Hi Mrtrix3 experts, I am writing a python script that uses your app.py python library.
I want to add an optional argument that will take some default value if no user-defined value is given, the typical argparse syntax would be something like
options.add_argument(’-example’, nargs=’?’, const=1000, type=int, help=‘example description’)
so that if a user used -example with no value specified afterwards, then app.args.example would have the value 1000, otherwise app.args.example would take a user specified value.
Is this possible using app.py? I get an Unrecognized Arguments error when I try to add arguments this way.
Setting a default value for a command-line option should work exactly as you’ve described, and behave exactly how
argparse intends. I copy&pasted your example, and it worked exactly as I would expect.
My suspicion is that you’re encountering a misuse of the command-line in combination with the use of
nargs='?'. However it takes a bit of explaining.
As described here, command-line options in MRtrix3 binary executables can be placed anywhere on the command-line relative to the compulsory arguments, as long as any compulsory inputs to those options are provided immediately following the argument. However, none of the MRtrix3 binaries have the capability of defining a command-line option that only optionally also takes a subsequent value input: this is because doing so introduces a fundamental ambiguity as to which entries on the command-line are input values to command-line options, and which are compulsory command-line arguments.
argparse does permit command-line options that optionally take a value as input. However, the only way to avoid this fundamental ambiguity is if such an option is defined after all compulsory arguments.
Here’s a set of examples that will hopefully make the concept more clear. I added your “
-example” command-line option as-is to
dwi2response fa dwi.mif response.txt
Default usage; works as expected.
dwi2response fa dwi.mif response.txt -example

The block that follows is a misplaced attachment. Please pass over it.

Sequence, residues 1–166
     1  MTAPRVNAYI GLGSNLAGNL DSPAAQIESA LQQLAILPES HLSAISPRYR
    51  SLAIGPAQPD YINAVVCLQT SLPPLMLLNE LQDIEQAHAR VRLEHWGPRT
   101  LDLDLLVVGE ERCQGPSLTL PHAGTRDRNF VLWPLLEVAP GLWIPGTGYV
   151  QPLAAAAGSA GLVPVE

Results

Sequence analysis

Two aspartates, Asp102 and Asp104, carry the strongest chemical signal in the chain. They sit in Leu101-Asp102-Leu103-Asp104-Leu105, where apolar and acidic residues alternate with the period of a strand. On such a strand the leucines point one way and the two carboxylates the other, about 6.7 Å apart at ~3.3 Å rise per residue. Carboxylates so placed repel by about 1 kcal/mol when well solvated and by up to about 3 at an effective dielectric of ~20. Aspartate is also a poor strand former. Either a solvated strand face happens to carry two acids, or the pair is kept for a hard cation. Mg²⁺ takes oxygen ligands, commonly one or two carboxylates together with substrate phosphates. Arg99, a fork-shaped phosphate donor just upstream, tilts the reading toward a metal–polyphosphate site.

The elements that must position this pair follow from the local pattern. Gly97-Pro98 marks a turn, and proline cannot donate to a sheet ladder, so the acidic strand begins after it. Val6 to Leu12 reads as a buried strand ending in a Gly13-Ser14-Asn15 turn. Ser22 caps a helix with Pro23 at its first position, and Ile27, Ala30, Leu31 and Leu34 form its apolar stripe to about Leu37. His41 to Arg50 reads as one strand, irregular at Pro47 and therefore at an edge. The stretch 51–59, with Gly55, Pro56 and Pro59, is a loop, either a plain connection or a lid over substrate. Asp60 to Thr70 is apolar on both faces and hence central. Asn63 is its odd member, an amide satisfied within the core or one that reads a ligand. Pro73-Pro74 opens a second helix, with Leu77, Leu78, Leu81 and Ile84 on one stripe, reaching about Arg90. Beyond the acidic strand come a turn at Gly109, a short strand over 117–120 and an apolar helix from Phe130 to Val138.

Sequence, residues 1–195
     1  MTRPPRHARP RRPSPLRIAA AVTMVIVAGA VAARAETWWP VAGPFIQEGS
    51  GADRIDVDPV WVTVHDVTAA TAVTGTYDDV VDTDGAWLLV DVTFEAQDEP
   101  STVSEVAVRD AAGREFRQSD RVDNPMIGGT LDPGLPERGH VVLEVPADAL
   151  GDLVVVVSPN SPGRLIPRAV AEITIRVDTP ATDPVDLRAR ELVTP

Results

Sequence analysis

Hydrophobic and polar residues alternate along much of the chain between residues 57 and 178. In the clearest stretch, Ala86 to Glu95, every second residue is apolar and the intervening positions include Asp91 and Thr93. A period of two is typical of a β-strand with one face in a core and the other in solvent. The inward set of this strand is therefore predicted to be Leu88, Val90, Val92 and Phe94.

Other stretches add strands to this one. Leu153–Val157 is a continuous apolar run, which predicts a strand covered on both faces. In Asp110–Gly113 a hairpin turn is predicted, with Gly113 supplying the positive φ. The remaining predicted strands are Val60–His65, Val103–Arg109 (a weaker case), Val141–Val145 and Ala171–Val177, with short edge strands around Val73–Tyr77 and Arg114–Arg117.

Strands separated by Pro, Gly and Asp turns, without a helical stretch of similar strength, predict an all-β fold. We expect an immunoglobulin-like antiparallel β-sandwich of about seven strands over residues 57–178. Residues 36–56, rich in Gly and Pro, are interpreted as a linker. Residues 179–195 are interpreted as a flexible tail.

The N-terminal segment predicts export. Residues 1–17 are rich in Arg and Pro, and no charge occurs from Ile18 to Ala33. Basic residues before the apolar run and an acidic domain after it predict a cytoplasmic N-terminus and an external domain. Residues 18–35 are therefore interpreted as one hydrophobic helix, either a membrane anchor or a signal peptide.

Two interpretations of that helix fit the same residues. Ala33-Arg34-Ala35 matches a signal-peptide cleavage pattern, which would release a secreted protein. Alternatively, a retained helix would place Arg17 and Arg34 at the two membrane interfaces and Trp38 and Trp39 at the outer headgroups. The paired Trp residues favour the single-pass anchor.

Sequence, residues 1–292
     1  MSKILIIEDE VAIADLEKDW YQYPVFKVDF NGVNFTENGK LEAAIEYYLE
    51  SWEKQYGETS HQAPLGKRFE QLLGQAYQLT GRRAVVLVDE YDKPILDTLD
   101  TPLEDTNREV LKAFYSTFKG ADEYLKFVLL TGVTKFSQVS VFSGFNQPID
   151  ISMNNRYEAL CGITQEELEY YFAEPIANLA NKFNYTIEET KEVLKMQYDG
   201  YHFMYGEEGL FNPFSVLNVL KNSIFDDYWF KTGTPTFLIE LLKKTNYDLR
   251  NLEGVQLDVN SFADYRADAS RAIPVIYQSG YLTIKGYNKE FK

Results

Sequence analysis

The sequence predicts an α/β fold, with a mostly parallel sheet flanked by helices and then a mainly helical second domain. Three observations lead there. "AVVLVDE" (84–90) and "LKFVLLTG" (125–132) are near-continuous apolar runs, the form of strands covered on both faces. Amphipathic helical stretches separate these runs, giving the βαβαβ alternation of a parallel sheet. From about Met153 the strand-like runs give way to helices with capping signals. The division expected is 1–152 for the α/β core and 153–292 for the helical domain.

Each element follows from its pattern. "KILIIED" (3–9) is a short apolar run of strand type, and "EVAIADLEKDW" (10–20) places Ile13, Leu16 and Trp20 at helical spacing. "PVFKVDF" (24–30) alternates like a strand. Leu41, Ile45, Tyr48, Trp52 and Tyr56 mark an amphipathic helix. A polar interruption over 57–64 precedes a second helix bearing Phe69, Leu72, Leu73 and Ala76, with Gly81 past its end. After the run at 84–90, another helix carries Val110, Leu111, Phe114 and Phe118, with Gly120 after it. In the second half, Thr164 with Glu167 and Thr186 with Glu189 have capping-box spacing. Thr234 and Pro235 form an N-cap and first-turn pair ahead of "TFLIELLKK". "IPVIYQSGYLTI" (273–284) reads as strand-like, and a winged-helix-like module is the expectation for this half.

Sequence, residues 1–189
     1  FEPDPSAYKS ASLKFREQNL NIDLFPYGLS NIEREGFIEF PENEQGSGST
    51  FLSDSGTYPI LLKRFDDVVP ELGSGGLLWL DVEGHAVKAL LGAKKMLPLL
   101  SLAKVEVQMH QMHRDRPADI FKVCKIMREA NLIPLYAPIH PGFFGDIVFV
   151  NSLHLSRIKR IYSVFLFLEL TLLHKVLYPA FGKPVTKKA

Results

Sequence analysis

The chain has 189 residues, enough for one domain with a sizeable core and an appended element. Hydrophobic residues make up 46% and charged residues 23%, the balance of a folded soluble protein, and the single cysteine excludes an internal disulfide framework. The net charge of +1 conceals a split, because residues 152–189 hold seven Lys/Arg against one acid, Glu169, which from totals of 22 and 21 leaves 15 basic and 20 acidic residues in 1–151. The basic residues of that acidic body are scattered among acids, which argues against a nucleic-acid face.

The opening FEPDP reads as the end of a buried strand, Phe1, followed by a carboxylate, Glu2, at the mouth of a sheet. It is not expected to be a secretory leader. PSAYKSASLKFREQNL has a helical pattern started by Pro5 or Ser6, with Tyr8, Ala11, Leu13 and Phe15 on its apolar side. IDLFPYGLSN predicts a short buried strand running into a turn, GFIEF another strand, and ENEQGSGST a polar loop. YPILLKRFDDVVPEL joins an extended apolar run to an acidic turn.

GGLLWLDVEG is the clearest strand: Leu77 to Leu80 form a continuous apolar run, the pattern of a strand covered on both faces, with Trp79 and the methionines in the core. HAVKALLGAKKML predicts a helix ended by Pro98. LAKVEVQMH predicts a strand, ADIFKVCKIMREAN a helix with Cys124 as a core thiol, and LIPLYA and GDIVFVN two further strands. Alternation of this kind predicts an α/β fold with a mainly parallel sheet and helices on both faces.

Runs without issue; variable
app.args.example takes the default value.
dwi2response fa dwi.mif response.txt -example 1
Runs without issue; variable
app.args.example takes the value of 1.
dwi2response fa dwi.mif -example response.txt
Gives error: “
Error: argument -example: invalid int value: 'response.txt'”.
argparse sees a command-line entry after “
-example”, and assumes that that must be the input value for option
-example, but clearly has an issue converting that string to an integer.
dwi2response fa dwi.mif -example 1 response.txt
This actually works:
argparse knows that only one command-line entry can be used as input to “
-example”, so it assigns “1” to
-example and then infers that
response.txt must be the next compulsory command-line option. However use of “
nargs='+'” would fail in such an instance, as “
response.txt” would be assigned to
dwi2response would then complain that no path to the output file was provided.
While I didn’t duplicate your “
Unrecognized Argument” error message here, this error can nevertheless occur in similar circumstances where assignment of command-line entries as either compulsory arguments or optional inputs becomes ambiguous. Only providing optional inputs at the end of the command string, rather than in the middle, can at least remove the ambiguity to the point where
argparse will succeed; I would still personally consider this bad practise and would advise against command-line options that take a non-constant number of values, though that may just be @jdtournier’s indoctrination. One thing to pay closer attention to particularly with the “
Unrecognized Arguments” error is the specific entry that
argparse labels as unrecognized: Often it’s the last entry at the command-line, despite your new command-line option being specified toward the start of the command-line string, indicating that the differentiation between compulsory arguments and options is going awry.
If this doesn’t clarify the specific issue you’re encountering, you’ll need to provide enough details in order for me to be able to duplicate the issue exactly.
Thanks so much, your explanation is perfectly clear. If it is bad practice to assign command line options a non-constant number of values, then is the good practice solution to assign multiple command line options? I would just assign one option to turn “-example” on with a default value and another option to allow users to specify their own -example value if they want to.
It depends on the details really, I don’t know that there’s a single hard answer. For instance, if there’s a “recommended” default value for an optional input, you could add that to the option’s help description, rather than defining it as a default value for if the user provides the option string but no trailing value. Alternatively you can have separate options for enabling a functionality v.s. manually controlling that functionality, as you describe. Sometimes it’s a matter of trying to think of all the ways that an independent user may mis-interpret your interface, and how you can alter your design to minimise such cases.